It was with heightened anticipation that we embarked on our nine-hour journey to Nha Trang, a seaside town and a familiar name from all the Vietnam War movies that I’m such a fan of. We went by bus, in the dead of night, comfortably ensconced in our own sleeper compartments. I had the foresight to purchase a (photocopied) copy of Jack Kerouac’s On The Road just before boarding and I can’t say enough of how wonderful the feeling is to curl up on your bed of sorts and read a book about traveling on the road while actually traveling on the road. I imagined myself as one of Kerouac’s dissatisfied anti-hero protagonists, hitting the road with nothing in my pockets and nothing to my name. When the lights finally went off, I just lay there in the darkness and listened to the soft breathing of the other passengers as they lulled off into a gentle sleep, of which I couldn’t partake of yet, with all that excitement coursing through my veins. Strangers sleeping near you, oddly comforting. I pretended to be an astronaut, getting ready to be launched into space, in my small capsule of a bed. I stared at the digital green LCD clock right at the front of the bus. Any minute now and I would be catapulted into space, the final frontier. Minutes ticked, the phosphoric green digits changed unobtrusively. I fell into a light sleep. The bus came to a stop at a petrol station. Lights came on, the air-conditioner died together with the engine. Piss break. I stumbled out, bleary-eyed and made my way mechanically to the toilet, more of my brain functioning on autopilot, rather than an actual need. I stretched my sore back, and took in big lungfuls of fresh air. Spotting a roadside cafe where the driver was wolfing down a bowl of noodles ravenously, I made a cautious approach. I ordered a hot ca phe from a kindly lady and held it in my hands, feeling its reassuring warmth against the cold, cold night. I lit a cigarette, drew deeply, exhaled. My weary soul delighted at this outpost, this stronghold that kept the darkness at bay, this sole bright gem, before and after which were miles and miles of the great blackness. I never forgot this feeling, though we have had many more piss stops along the way.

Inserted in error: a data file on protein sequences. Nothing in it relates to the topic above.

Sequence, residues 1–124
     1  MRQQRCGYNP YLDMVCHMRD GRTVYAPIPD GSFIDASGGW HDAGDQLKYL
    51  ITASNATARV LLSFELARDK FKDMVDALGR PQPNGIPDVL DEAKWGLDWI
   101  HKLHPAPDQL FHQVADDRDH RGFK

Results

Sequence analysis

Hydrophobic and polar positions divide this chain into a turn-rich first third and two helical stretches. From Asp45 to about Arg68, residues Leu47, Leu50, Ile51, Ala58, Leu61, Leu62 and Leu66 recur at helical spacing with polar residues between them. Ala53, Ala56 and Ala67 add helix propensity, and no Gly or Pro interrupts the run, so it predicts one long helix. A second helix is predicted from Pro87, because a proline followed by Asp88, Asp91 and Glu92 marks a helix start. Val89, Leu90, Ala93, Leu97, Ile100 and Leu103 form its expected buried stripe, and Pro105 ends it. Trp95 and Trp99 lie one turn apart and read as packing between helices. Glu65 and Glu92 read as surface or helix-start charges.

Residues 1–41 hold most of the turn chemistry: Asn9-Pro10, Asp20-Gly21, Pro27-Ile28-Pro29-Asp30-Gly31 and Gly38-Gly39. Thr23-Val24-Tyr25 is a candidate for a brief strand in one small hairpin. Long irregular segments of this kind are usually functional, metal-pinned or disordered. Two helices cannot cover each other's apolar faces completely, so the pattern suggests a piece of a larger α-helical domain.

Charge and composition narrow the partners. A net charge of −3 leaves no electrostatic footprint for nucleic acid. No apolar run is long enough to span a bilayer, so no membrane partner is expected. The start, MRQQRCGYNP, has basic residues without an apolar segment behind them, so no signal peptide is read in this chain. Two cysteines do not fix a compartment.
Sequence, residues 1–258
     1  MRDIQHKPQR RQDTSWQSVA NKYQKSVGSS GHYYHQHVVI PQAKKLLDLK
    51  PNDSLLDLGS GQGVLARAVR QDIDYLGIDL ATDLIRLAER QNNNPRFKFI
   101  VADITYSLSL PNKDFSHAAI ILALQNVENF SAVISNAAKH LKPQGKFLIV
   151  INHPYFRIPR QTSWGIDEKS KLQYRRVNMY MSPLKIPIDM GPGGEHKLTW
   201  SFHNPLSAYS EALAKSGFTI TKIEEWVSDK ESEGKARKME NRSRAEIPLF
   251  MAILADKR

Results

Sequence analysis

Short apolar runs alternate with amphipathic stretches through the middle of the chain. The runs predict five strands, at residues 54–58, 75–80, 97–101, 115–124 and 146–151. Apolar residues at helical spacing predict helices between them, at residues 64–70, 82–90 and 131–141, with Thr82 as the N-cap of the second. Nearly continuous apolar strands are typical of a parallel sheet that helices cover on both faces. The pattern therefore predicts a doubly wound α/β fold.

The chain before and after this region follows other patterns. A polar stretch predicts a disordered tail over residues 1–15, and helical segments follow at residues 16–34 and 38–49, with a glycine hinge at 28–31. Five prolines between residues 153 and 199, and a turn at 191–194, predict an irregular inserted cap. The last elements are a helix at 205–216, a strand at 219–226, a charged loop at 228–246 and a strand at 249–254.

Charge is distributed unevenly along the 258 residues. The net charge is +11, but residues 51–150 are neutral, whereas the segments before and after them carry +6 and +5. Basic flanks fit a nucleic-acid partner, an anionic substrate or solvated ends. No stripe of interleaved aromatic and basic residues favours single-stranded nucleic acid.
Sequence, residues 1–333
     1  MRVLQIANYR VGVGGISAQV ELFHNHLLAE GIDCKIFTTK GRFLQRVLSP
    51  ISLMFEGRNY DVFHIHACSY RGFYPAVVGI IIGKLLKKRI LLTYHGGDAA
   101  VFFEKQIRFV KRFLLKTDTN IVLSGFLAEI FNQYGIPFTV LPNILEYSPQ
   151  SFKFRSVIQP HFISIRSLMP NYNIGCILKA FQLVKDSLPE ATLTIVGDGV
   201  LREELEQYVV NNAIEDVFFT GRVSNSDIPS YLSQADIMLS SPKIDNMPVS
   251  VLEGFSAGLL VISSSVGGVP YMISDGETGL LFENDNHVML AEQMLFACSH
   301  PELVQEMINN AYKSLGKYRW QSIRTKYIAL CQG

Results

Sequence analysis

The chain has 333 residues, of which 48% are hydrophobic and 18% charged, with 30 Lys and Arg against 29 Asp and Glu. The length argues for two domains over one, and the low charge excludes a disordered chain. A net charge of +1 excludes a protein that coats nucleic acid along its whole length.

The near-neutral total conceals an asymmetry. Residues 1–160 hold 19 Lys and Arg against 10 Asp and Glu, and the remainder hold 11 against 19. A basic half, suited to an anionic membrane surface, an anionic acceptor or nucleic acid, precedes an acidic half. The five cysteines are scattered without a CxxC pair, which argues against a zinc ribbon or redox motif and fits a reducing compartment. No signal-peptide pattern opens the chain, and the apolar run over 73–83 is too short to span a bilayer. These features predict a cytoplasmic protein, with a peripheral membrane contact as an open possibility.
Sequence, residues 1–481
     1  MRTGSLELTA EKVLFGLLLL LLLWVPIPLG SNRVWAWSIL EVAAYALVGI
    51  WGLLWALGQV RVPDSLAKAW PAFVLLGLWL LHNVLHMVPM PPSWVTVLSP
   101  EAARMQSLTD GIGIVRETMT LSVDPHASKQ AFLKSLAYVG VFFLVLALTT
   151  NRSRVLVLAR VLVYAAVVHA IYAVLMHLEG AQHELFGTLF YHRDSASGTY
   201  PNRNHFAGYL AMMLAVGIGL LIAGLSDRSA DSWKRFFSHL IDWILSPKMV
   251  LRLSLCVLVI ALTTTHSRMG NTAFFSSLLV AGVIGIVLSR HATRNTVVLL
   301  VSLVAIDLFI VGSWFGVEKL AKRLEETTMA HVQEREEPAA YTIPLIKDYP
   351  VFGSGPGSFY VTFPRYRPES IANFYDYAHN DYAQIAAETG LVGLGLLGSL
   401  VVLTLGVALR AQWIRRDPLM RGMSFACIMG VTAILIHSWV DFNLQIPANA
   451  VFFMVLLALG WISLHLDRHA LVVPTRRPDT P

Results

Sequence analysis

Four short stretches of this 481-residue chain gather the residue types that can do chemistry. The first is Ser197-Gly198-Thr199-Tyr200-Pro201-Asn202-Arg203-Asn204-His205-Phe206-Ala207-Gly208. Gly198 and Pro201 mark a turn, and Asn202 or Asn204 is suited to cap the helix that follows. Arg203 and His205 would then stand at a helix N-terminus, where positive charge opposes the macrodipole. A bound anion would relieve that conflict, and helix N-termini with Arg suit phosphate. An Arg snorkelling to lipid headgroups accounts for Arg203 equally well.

Nha Trang. The hunger hammered away at us as we disembarked. We were lost yet again in a new town, no rooms, no baths to wash away the dust from the road. But food was the one thing on our minds and lo and behold, imagine our joy as we chanced upon the Dam market and sat down for a bowl of noodle soup and fishcakes of sorts. A simple meal, no doubt, but at that time, it felt like it was the best meal we would ever have in Vietnam. Thus refueled, we decided to hit the beach, probably the biggest attraction in Nha Trang. Our spirits soared as we smelled the salty air, and saw the blue waters against a backdrop of hills, shrouded in the morning fog. Oh how we gawked, we people of the City Without a Decent Beach. With wild abandon, we ran for the waters, no extra shorts, no extra underwear, no matter. The waves lapped at us and threw us off our feet, we laughed and laughed over the echoes of the sea, as if we didn't have a care in the world, which looking back, we didn't at that particular moment in time. We fell asleep on the beach, the sun kissing us all over, encompassing us in its all-encompassing warmth.